ST. PETERSBURG, Fla. — Did you know that there are two separate first days of spring?
There is a meteorological spring and an astronomical spring. Meteorological seasons are determined by temperature cycles. For example, the coldest three months — December, January and February — are winter. With meteorological spring starting March 1 and ending at the end of May.
Astronomical seasons are based off of Earth's position as it moves around the Sun. Because Earth is on a tilt the angle of the Sun changes throughout the year.
On March 20, at 5:24 p.m. Eastern time, the Sun's direct rays will be centered over the equator marking the spring, or Vernal, equinox. After that, the Sun's most direct rays move north into the northern hemisphere as Earth continues to rotate around the Sun.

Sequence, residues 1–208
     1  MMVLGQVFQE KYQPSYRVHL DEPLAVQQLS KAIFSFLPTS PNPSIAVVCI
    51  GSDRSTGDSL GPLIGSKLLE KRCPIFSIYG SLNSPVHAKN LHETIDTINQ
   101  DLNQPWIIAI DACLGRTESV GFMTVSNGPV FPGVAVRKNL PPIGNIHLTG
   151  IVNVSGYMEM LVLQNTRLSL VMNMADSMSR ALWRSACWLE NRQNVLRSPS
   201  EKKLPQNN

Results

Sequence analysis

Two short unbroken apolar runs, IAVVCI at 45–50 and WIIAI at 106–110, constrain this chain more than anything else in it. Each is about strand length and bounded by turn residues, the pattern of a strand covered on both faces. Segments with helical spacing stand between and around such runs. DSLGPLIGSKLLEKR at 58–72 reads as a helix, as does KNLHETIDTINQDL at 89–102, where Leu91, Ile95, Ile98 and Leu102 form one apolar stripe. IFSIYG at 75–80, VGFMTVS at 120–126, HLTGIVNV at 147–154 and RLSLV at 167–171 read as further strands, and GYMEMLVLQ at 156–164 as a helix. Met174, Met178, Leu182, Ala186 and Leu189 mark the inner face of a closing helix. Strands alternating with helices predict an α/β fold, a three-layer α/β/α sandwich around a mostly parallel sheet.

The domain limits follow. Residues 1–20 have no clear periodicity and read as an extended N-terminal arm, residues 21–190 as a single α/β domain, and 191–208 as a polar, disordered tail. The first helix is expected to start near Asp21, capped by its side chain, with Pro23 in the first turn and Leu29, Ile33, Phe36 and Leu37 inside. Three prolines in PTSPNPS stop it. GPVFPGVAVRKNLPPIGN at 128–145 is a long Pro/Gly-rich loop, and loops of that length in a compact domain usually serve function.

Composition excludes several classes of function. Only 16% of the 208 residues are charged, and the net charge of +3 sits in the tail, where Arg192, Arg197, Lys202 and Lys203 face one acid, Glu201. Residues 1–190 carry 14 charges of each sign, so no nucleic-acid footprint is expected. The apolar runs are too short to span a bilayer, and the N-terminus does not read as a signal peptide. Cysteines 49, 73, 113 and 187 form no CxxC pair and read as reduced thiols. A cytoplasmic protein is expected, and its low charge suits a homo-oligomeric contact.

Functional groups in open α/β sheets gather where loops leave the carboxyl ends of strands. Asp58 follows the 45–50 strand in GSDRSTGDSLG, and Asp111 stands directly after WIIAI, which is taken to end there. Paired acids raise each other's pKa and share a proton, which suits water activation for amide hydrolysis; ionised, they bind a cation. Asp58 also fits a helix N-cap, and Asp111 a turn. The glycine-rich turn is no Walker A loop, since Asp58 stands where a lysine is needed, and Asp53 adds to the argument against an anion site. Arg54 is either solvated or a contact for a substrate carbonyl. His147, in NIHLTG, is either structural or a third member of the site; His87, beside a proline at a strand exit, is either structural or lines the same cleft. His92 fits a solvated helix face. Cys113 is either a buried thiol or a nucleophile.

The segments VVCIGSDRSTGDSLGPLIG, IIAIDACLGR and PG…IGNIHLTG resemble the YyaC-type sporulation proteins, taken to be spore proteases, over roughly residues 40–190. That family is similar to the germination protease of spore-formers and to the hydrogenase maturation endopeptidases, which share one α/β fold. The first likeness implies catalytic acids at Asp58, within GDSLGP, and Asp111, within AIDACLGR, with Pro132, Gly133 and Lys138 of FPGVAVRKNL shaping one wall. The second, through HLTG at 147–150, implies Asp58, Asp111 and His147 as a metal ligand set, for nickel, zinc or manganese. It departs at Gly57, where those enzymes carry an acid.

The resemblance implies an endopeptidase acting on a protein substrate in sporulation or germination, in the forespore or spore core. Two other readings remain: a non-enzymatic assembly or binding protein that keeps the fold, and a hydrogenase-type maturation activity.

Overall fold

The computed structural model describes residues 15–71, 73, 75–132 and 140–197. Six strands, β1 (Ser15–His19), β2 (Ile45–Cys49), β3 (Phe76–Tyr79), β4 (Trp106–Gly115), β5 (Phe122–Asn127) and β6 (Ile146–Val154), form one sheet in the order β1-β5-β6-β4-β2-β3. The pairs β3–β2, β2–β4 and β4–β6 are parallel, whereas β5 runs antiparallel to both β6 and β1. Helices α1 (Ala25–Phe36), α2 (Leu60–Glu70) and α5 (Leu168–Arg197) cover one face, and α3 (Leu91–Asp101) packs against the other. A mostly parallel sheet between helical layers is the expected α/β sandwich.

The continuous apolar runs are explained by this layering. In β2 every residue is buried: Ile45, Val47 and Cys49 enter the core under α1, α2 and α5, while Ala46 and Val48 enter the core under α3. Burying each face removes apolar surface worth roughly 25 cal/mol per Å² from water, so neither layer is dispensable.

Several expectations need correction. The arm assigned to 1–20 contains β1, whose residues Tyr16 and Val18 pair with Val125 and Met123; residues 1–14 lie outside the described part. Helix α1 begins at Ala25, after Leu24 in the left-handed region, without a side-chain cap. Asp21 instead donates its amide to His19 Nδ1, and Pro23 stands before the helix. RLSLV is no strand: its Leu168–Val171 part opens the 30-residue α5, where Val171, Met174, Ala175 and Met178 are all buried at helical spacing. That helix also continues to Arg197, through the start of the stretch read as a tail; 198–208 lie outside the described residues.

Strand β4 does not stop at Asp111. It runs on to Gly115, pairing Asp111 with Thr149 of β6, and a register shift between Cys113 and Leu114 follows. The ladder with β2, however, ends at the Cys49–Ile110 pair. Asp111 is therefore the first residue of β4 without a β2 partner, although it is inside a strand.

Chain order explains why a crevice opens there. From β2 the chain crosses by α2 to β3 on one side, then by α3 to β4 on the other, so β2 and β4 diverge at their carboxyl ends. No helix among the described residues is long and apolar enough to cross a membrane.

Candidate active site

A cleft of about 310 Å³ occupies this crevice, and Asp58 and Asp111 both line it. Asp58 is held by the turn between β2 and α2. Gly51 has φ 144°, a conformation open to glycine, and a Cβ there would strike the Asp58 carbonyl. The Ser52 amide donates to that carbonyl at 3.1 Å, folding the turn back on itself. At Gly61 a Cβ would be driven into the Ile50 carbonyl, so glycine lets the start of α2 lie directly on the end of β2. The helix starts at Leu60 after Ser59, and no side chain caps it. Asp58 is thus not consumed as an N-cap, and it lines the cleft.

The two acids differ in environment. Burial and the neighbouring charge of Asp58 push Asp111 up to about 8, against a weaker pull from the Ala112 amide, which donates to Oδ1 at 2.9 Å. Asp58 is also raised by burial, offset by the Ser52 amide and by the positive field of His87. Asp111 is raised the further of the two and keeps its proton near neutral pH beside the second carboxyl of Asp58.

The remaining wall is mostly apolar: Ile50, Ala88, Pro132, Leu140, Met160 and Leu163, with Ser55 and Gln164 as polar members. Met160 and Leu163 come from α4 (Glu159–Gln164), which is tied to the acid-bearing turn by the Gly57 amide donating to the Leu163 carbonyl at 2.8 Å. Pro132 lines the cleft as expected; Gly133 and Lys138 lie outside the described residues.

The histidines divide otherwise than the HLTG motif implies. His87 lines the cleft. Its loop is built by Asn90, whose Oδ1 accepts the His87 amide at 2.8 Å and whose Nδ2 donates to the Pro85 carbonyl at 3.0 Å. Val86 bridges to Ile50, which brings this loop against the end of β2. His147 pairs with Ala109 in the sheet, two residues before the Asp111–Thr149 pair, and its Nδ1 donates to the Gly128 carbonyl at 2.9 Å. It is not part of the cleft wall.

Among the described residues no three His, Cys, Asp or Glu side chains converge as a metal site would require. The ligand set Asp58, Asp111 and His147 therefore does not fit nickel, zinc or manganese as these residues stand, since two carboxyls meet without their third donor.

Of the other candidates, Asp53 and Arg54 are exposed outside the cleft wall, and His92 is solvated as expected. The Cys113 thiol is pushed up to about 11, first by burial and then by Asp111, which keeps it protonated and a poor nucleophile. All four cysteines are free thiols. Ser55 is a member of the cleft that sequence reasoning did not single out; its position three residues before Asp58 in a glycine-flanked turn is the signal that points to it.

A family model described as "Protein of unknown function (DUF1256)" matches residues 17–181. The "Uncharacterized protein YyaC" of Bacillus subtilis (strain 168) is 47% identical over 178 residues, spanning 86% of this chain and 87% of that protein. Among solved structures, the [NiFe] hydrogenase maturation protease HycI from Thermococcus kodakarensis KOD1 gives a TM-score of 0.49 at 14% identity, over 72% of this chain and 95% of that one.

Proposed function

Astronomical spring will then continue until the summer solstice on June 21 when the Sun's direct rays are overhead the Tropic of Cancer, the northern most point.
Spring and fall are equinoxes because it is the only time of the year that the Northern and Southern hemispheres see almost equal amounts of day and night. Equinox comes from Latin words meaning equal and night, which describes the equal length of day and night.
Solstice comes from Latin words meaning Sun and to not move. This describes how the Sun appears on solstices. On those days the Sun appears to stand still at either its highest point in the summer and lowest point in the winter.
Overall, there is a three-week difference between the astronomical and meteorological seasons. But both are correct ways to mark the change in seasons.